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Timothy B. Lee

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California Attorney General Kamala Harris.

The Aspen Institute

In recent months the state of California has stepped up its efforts to enforce the California Online Privacy Protection Act (COPPA). In December, Attorney General Kamala Harris made an example of Delta Airlines, which had ignored a letter warning the carrier that it was in violation of COPPA. The statute requires every app which collects data about California users (which, practically speaking, means every app) to conspicuously post a privacy policy disclosing what information is collected and how it will be used.

In a new report, Harris's office offers an official set of recommendations for mobile app developers. California urges app developers to "minimize surprises to users from unexpected privacy practices." In addition to posting a standard privacy policy, the state also recommends the use of "special notices" to alert users when an app might be using data in a way the user might not expect. For example, when an app needs the user's location, the user is typically alerted and given the opportunity to allow or block the application from getting the current location. The state recommends using similar notices when an app collects other sensitive information.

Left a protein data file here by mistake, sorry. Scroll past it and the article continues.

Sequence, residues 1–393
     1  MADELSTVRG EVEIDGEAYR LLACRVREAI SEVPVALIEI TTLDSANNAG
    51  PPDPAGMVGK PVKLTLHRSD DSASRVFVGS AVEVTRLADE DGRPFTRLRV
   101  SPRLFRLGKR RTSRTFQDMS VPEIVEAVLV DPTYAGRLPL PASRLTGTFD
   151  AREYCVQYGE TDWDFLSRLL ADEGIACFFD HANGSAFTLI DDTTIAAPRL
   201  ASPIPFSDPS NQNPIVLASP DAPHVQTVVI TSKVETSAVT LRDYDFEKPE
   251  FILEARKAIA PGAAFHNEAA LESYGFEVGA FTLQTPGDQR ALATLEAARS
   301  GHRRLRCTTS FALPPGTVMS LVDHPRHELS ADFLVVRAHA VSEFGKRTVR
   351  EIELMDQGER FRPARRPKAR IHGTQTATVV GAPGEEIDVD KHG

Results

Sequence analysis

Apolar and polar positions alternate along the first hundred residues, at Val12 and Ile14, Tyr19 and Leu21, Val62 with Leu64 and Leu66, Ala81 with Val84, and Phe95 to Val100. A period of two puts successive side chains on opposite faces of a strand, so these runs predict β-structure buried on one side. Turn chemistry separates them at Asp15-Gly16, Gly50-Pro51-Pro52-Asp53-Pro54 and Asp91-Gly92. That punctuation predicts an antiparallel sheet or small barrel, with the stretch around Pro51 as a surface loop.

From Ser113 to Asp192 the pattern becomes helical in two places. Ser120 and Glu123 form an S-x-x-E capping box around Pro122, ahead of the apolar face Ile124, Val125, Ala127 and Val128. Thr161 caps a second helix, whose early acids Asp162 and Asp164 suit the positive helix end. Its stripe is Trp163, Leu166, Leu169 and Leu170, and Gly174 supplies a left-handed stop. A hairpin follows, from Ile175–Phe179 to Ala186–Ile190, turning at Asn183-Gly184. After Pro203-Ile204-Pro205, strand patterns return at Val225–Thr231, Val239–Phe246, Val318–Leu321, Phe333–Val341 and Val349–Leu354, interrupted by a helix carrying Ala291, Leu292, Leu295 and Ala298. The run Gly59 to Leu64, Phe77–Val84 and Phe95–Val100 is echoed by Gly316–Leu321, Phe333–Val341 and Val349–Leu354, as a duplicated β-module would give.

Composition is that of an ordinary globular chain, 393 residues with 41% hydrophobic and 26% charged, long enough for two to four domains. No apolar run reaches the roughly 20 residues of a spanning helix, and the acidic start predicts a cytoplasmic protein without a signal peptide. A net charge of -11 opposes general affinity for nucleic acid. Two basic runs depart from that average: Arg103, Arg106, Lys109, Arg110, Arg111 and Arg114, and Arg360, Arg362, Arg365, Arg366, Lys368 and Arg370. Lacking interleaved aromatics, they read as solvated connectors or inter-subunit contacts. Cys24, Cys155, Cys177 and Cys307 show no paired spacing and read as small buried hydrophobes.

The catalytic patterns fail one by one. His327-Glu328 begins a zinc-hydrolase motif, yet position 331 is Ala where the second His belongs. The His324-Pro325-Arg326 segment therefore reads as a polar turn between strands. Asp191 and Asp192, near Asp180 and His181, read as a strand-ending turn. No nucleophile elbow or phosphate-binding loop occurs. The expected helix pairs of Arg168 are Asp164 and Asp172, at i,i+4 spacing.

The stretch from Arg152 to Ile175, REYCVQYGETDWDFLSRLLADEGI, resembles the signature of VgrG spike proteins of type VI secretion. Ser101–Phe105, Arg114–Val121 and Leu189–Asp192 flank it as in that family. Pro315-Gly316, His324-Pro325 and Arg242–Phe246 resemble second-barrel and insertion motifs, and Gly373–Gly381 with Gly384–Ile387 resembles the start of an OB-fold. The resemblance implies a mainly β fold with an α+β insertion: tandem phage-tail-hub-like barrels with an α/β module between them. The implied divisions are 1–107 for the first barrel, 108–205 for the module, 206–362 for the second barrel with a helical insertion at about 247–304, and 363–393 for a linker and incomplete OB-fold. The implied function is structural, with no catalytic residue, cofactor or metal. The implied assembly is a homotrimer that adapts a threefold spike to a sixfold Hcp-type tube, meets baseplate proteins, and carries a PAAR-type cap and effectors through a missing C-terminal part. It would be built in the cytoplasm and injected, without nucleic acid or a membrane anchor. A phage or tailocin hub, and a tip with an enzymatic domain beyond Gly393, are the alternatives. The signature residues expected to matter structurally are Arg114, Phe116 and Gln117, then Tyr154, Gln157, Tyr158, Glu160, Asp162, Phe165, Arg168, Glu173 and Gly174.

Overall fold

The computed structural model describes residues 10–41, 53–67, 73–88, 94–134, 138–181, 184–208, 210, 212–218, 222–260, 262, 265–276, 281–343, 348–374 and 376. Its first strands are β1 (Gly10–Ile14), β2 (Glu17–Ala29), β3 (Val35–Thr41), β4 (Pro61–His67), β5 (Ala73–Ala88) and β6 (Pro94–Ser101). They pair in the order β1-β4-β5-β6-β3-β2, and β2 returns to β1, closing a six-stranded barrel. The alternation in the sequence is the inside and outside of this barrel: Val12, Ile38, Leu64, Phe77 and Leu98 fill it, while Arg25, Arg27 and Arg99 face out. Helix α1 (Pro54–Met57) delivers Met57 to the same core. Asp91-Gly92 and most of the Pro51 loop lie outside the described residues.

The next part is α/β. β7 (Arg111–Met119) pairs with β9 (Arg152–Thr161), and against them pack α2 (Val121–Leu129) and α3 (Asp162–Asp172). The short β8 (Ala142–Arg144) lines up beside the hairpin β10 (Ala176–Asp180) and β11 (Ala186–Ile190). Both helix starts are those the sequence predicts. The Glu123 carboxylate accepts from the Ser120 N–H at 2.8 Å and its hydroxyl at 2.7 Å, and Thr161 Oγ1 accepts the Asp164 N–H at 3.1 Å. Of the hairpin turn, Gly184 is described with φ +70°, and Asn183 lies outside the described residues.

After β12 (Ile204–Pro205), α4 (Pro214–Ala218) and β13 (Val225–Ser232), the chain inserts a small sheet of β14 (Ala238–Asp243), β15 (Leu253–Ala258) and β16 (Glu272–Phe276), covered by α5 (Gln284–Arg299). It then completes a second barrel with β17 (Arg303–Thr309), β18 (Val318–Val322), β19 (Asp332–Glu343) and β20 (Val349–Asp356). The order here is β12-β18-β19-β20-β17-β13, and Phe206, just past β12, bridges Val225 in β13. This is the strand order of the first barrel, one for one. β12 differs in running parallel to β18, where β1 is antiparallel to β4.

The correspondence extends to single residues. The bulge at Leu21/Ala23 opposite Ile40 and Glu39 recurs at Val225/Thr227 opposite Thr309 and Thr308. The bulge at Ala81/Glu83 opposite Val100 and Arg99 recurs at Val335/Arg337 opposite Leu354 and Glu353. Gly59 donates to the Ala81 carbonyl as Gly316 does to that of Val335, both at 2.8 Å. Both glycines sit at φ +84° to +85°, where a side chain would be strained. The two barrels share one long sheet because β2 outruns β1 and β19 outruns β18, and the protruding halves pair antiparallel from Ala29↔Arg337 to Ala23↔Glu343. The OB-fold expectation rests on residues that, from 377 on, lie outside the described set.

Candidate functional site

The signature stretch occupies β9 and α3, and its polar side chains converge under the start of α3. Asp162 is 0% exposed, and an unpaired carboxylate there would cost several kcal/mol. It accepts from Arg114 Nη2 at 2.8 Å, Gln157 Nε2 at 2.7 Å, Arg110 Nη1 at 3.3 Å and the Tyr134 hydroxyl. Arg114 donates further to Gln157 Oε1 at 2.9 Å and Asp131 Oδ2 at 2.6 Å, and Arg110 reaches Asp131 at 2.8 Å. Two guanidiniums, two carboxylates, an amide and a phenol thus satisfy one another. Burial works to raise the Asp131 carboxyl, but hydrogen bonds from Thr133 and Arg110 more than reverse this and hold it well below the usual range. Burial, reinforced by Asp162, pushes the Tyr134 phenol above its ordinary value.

The 23-page report offers a wide variety of other recommendations. Most of them are directed at app developers, but there are also recommendations for the companies that operate app stores, advertising networks, and wireless networks. The state recommends that app developers limit data collection, limit data retention, and avoid using global device identifiers that could be correlated across apps.

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Peter Biddle speaks at the ETech conference in 2007.

Scott Beale

Can digital rights management technology stop the unauthorized spread of copyrighted content? Ten years ago this month, four engineers argued that it can't, forever changing how the world thinks about piracy. Their paper, "The Darknet and the Future of Content Distribution" (available as a .doc here) was presented at a security conference in Washington, DC, on November 18, 2002.

By itself, the paper's clever and provocative argument likely would have earned it a broad readership. But the really remarkable thing about the paper is who wrote it: four engineers at Microsoft whose work many expected to be at the foundation of Microsoft's future DRM schemes. The paper's lead author told Ars that the paper's pessimistic view of Hollywood's beloved copy protection schemes almost got him fired. But ten years later, its predictions have proved impressively accurate.

The paper predicted that as information technology gets more powerful, it will grow easier and easier for people to share information with each other. Over time, people will assemble themselves into what the authors called the "darknet." The term encompasses formal peer-to-peer networks such as Napster and BitTorrent, but it also includes other modes of sharing, such as swapping files over a local area network or exchanging USB thumb drives loaded with files.

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